Everything in the universe is sound, including our physical and emotional bodies and spiritual selves. We all have different qualities of energy flowing through and around us, and these energies are vibratory. Every part of us has its own vibration, a resonant frequency at which it most naturally wants to vibrate.

As we live our lives, our health is affected by such factors as our experiences, our environments and our relationships with family and friends. As we respond to these factors, we often become blocked in some part of our energetic system, which can lead to pain, disease, imbalance or an emotional issue. In sound healing terms, this means that the blocked part of us is vibrating in an unhealthy way, at a vibration that is not its ideal.

Most of us have some kind of trauma in our history, whether small or large. This can be anything from a minor car accident to a major abuse history. We tend to carry around the energy or vibration of the trauma in our bodymind somewhere, and our lives can be impacted in significant ways. An accident might affect our ability to perform our normal work, or affect our overall confidence in our ability to function in daily life. This, in turn, might bring depression, anger or any number of emotions. It can be a challenge to unblock a trauma so that our energies vibrate and flow again in a healthy way. Sometimes our bodies adapt in such a way that we can carry on with daily life, but don’t always realize the effect the trauma has had on us, and we just go on living in a way that’s not ideal.

Sound can be a powerful tool for becoming more aware of our bodies, minds, and emotions, and for unwinding contracted energies with vibration. It can also be a tool for grounding and resilience in the face of our daily life stresses.

Sound can encourage the release of an emotion associated with a trauma. We can use our own voices to bring a natural and healthy vibration to our bodies and emotions. We can practice simple voice exercises to begin to be more aware of the blocked and painful areas in our bodies, and the emotions within and surrounding them. As we practice this kind of awareness, we can begin to tune into the kinds of sound, vibration, and music that will help us heal. This can be very empowering, as we begin to sense our own ability to heal.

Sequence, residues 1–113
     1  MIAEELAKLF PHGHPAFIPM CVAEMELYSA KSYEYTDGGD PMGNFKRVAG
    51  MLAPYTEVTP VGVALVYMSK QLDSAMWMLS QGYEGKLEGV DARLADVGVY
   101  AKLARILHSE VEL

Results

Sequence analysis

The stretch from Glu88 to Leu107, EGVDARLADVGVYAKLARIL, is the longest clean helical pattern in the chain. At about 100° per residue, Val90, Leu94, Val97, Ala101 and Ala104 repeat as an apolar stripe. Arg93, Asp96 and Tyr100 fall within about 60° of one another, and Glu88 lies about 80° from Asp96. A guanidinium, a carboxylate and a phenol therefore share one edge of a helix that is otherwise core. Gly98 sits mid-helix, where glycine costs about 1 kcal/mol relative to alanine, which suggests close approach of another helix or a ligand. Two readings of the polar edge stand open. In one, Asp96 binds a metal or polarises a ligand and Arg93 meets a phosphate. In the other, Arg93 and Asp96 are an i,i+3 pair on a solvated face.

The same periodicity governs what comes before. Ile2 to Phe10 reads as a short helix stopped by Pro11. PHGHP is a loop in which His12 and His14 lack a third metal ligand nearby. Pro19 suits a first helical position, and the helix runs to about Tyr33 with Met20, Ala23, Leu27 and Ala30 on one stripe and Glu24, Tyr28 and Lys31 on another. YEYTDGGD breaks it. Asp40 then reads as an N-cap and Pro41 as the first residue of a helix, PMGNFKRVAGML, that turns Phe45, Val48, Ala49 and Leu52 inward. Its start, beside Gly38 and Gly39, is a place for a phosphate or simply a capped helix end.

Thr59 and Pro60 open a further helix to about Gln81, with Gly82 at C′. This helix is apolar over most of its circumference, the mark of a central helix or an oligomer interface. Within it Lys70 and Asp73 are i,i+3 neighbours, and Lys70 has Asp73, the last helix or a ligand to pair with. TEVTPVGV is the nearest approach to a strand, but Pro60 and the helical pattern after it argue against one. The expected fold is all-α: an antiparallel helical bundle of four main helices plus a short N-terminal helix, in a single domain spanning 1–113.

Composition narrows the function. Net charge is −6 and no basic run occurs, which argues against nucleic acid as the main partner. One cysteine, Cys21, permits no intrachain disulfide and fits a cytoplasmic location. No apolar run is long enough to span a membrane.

There are two important ideas that help us understand how sound can heal us: “resonance” and “entrainment.” As mentioned above, everything in the universe has a vibration. Resonance is the frequency at which an object most naturally wants to vibrate. It can also refer to two objects vibrating at the same rate, where they are “in resonance.” Illness or imbalance changes the rate of vibration.

Entrainment is an aspect of resonance. It says that when you bring an object vibrating at a particular frequency close to an object vibrating at a different frequency, eventually one object (the less powerful vibration) will start to vibrate at the same rate as the more powerful one. So, if you bring an easing or healing or shifting vibration in proximity to an area that needs healing, that area will begin to vibrate differently.